Wednesday, May 25, 2005

Harold Byrd Dr. - Decatur “Estate Sale”

This home was on one of the streets tucked behind one of the most notably named corners in the city, Ridley at Scott. I have never known why the neighborhood has not capitalized on this corner and named the streets near by after some of the director’s films. There could be Thelma and Louise Lanes, Blade Runner Run, Alien Ave or Gladiator Place. The walking path that goes over towards the YMCA could be called Director’s Cut Through. The sale was in a one-story brick home near the cut through. In the living room the professional sellers sat by their cash boxes near two large tables covered with Xmas decorations. Among the décor was a Santa Furby; it had no batteries so I had no idea what demonic sounds it might be capable of uttering. Seeing a stairway to the basement I immediately descended and found my self in a crypt of old Telco paperwork. The estate had belong to a man who may worked for the phone company his entire life. At this lower level were boxes upon boxes of old documents, awards, pictures, brochures and more xmas décorations. Standing amid all this was a deranged looking 4-foot snowman figure made from a wooden dowel. Perhaps this was the secret snowman fetish that children would imply to bring snowflakes to these southern climes.

Some of the picture hung on the walls were puzzling, a print of a impish farm lad, a photo of two ghost seemingly interrupting a meeting of telephone executives, old scrap books of new deal economic measures, Canadian visits and European Caravans. In one closet I found a ledger book from 1938. Some of the expenses were; Maid -65 cents, diapers $1.15. An old pamphlet addressed “Managing your family forest”. An old paperback amid the chaos was entitled “Toward the Liberally Educated Executive”. A hand typed recipe for grits sat atop a magazine opened to an article on job loss. On a shelf was a photo of Ford and Reagan together with a printed note by Ford on the back. A cassette on a chair offered ”Great highlights of Crimson Tide broadcasts” A brochure promoted an Abilene Kansas two day adventure. On the floor an old dial telephone had a sticker proclaiming “new service call waiting”. On the wall was a print of Bell demonstrating his telephone to a top hatted gentleman. Needles to say I wanted to spend the entire day down there amid the chaos and rubble but I had to move on.
Upstairs things were more organized. In the dinning room were a number of well stock bookshelves and a table covered in old newspapers. The papers contained the major headlines of the second half of the prior century. Roosevelt’s death, Kennedy’s death, Margaret Mitchell’s death. One special supplement presented a 1957 vision of the Atlanta of the future it resmbled a boring Brasilia without the palm trees. Among the books there were “Modern Humor for Public speakers” I opened it a joke that began “A Scotsman…”. Many of the other books were religious in nature such as “Ways to power and praise” the aptly titled “The stranger in my House” and “Who am I?” In the same room was another scrapbook this one filled with clippings on antiques it was open to a newspaper story on the value of saving grandpa’s leg irons.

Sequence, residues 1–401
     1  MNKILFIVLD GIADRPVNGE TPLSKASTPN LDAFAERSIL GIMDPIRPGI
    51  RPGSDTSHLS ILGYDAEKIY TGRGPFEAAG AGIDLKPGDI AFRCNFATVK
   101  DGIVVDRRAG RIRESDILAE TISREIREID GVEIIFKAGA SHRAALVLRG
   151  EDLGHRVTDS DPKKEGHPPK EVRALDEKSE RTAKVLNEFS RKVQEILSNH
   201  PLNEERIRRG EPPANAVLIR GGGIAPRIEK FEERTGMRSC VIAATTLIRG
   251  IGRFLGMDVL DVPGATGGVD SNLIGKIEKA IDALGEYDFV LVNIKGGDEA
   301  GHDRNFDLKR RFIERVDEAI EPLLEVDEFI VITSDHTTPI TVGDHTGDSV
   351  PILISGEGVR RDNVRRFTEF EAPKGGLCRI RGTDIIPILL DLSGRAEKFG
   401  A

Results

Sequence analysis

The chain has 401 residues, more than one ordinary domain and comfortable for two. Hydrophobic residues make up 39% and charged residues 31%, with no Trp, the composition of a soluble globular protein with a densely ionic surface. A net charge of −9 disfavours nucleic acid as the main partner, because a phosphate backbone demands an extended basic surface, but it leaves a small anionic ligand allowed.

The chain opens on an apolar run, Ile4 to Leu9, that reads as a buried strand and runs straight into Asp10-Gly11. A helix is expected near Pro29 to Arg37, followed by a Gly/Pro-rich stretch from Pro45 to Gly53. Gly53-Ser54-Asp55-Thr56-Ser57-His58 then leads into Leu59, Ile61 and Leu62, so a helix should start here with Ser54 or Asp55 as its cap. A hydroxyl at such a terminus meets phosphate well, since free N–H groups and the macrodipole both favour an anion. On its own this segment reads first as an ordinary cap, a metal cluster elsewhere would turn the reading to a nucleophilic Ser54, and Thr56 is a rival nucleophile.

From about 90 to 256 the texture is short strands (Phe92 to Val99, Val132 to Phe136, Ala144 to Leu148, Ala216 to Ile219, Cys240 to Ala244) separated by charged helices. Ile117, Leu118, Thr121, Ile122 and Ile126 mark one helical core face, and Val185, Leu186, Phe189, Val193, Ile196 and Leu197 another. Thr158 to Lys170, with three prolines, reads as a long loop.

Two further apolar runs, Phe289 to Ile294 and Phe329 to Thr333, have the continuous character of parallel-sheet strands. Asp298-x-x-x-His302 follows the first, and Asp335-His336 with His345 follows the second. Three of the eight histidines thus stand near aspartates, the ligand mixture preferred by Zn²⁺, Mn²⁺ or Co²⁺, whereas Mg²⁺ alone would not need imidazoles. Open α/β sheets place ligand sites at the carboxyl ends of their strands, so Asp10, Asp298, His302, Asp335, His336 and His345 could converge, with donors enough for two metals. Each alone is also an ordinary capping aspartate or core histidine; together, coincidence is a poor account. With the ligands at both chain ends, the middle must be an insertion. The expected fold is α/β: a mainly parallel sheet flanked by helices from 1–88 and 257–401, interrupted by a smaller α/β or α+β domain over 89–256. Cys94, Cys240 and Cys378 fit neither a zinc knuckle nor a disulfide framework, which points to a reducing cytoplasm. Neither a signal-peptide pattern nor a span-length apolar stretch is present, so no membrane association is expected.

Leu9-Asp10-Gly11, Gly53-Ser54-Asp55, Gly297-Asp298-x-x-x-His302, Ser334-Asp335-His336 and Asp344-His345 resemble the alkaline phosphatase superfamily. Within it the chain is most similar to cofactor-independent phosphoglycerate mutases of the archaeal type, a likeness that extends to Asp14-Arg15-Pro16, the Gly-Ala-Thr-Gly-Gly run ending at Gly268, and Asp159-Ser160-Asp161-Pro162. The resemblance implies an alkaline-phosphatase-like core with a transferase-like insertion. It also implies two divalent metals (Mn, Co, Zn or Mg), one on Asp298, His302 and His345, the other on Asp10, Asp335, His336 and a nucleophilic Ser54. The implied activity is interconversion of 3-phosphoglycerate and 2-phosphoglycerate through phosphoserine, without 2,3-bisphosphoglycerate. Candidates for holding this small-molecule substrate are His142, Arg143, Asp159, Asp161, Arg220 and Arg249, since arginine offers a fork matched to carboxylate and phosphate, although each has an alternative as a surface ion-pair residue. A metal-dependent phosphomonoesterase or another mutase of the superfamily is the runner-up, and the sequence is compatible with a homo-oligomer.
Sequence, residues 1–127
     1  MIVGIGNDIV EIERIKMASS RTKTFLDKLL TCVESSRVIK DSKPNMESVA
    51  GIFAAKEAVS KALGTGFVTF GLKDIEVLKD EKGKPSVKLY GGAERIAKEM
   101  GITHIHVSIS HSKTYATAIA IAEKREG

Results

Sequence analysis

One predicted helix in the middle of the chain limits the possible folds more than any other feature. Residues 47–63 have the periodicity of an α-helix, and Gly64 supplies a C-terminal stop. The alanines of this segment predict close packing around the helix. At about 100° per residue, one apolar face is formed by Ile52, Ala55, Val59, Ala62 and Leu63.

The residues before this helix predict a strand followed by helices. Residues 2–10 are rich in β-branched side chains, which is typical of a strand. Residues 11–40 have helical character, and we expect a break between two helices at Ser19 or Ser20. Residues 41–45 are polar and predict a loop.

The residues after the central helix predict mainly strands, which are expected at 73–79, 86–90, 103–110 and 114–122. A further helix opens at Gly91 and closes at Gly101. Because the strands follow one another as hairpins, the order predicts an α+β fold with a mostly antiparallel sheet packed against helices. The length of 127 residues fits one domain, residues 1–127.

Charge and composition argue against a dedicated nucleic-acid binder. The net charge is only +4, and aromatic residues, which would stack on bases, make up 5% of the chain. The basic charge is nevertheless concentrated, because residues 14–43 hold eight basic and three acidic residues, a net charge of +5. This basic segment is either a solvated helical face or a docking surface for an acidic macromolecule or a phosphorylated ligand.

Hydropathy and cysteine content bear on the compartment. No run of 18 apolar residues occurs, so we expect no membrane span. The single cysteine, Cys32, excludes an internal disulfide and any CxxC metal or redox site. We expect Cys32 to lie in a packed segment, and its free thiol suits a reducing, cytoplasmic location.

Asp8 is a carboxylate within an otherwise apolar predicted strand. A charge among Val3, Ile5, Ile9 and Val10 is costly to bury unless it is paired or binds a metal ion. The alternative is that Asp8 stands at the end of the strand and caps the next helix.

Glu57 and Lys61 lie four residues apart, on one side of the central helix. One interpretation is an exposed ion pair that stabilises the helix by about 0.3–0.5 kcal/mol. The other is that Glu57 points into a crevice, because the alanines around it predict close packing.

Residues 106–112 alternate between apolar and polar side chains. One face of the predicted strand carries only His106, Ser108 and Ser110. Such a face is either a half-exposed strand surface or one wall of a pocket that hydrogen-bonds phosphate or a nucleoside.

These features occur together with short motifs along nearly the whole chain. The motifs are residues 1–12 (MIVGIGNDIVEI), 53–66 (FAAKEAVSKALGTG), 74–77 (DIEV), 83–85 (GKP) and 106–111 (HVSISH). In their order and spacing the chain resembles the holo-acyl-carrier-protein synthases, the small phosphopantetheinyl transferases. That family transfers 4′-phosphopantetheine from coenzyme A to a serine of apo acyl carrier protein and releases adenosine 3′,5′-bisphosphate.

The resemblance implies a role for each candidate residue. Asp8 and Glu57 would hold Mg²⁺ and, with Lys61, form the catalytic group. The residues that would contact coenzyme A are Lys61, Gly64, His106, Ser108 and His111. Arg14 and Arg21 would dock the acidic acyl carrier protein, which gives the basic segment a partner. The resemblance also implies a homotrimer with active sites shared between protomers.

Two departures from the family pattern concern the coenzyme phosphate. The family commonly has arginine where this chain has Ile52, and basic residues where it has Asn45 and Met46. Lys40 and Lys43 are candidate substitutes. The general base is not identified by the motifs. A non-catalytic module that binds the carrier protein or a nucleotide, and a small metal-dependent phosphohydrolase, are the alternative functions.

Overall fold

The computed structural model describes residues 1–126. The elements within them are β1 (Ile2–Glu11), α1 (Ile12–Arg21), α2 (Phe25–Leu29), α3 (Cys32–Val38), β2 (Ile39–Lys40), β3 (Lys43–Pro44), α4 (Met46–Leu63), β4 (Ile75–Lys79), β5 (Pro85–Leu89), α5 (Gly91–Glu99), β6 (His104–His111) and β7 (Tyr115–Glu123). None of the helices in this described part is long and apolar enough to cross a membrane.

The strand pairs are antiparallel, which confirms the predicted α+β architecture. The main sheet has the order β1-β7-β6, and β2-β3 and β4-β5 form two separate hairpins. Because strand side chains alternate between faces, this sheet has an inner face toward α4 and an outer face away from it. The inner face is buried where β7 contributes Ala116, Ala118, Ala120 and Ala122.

There were few LPs in the den including ‘Back Beat Symphony” and the soundtrack to Victory at Sea. Some sheet music included ”That old Master Painter” and “The Marine’s Hymn”. Seemingly out of place I discovered under a table a framed montage of images of the Virgin Mary. Other things scatter about included a rug shaped like a VW beetle, two gigantic coffee mugs that said Ma and Pa and a kitchen plaque that read “If your heart is cold our fire can’t warm you”. On the way out I noticed that in the living room was a very large box of Beanie Babies sitting unwanted.
I bought a few post cards, the Canadian scrapbook and the book of humor for modern speakers.
Here is one of the many Scotsmen jokes contain within:
“The man who invented the slow motion movies probably got his idea when he saw a Scotsman reach for a restaurant check.”

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